June 23, 2005

Screw the public, screw the children

Doesn't this capture nicely the Republican platform? It's been coming for a while now, but the cons' effort to destroy public broadcasting is coming to a head. The House of Representatives is considering a measure today that would cut funding for public broadcasting in half. A heartwarming detail from The Los Angeles Times:

The measure before the House today would strip more than $200 million, including money for Ready to Learn, an initiative that helps finance children's shows such as "Reading Rainbow."

And here's a New York Times article on the matter.

You can sign a petition to save public broadcasting here at MoveOn.org. They started with a goal of 500,000 signatures and are now past 1 million. This really is important. NPR and PBS are full of excellent, educational information and entertainment, which, by virtue of being public in a free society--not beholden to private, corporate interests--represent some of the last remaining independent broadcasting.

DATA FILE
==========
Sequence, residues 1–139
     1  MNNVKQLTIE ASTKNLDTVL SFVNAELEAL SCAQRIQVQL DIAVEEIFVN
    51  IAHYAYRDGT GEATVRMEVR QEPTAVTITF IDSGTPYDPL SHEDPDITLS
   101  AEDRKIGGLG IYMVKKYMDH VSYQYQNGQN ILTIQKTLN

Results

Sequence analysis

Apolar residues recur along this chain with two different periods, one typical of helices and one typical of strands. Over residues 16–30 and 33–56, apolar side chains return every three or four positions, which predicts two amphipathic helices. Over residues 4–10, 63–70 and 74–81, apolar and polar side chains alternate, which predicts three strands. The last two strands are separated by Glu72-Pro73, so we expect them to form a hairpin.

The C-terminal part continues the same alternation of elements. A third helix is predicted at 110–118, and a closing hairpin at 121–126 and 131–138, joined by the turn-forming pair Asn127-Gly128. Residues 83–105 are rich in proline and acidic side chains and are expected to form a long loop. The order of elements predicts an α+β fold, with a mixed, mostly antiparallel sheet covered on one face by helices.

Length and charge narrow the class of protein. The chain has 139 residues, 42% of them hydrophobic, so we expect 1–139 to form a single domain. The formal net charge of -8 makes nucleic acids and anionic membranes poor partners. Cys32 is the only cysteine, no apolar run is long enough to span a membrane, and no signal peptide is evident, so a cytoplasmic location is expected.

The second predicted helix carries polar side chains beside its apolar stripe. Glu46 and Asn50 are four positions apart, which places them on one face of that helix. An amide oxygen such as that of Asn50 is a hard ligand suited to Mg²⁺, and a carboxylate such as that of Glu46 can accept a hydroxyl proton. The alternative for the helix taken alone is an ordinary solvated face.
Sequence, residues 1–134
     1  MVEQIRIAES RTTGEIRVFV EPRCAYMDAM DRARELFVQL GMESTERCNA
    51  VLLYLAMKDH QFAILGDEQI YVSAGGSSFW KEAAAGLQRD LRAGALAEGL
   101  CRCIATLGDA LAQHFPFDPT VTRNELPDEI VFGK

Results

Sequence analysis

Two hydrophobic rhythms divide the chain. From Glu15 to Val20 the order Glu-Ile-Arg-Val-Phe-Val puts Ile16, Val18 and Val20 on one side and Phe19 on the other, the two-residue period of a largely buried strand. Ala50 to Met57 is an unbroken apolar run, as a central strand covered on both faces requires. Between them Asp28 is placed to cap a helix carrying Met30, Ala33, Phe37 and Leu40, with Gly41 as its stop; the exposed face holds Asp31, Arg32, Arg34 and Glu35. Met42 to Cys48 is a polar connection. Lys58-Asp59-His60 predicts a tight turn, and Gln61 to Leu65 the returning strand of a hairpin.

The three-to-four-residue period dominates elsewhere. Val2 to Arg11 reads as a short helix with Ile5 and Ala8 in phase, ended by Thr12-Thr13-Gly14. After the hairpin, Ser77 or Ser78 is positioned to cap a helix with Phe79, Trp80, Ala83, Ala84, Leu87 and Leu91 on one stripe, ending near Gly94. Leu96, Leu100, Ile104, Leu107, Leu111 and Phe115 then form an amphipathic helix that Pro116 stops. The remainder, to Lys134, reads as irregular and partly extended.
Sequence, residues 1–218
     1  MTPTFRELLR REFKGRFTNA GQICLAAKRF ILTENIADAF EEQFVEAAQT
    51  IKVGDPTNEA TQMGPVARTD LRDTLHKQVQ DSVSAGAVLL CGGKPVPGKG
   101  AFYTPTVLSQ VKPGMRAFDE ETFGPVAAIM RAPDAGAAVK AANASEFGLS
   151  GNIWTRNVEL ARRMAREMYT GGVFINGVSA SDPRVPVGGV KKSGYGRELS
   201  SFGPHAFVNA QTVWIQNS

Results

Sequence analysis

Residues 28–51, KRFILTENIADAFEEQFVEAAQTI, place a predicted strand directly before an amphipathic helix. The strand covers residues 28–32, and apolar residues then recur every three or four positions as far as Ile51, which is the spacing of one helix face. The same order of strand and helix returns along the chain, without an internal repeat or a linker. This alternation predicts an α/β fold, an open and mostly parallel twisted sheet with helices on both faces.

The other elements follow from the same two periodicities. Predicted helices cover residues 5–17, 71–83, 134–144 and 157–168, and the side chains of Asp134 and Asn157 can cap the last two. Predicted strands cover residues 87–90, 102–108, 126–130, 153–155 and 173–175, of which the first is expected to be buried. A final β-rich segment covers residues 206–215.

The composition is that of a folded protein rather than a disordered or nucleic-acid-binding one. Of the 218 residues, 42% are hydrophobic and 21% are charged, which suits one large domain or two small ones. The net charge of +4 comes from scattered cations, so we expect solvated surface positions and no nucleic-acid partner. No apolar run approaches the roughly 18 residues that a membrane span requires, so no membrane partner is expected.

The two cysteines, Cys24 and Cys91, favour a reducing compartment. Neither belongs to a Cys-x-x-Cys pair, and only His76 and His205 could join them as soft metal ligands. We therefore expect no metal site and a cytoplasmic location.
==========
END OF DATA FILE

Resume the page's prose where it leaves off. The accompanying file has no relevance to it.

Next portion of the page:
1. I guess its because PBS, with its science (dangerous science, bad!) has a liberal bias.
    Either that or public broadcasting is socialist.
    I forget which, but I'll be sure to check next time I pick through some Heritage regurgitation on the conservablogs.

  2. Ah, yes, "Radio Moscow" as my Republican father calls it. Have you heard the organ show "Pipe Dreams?" First of all, props for the best show title ever. Second, watch out for that hidden agenda. Communists, as it is well-known, LOVE the pipe organ.

  3. If each of the million folks who signed MoveOn's petition gave 20 cents each, they could make up the entire funding gap. If its die-hard supporters don't care enough to make that sort of small donation, there's no point in continuing federal funding for it.

    As it stands, Congress did give them their full funding.

  4. "As it stands, Congress did give them their full funding."

    Indeed, but the interpretation that I find most convincing is that this was a ploy to intimidate PBS and NPR. A way of reminding them that Republicans can kill them any time that they like. This, of course, does violate their supposed insulation from politics; it is a way of influencing their content.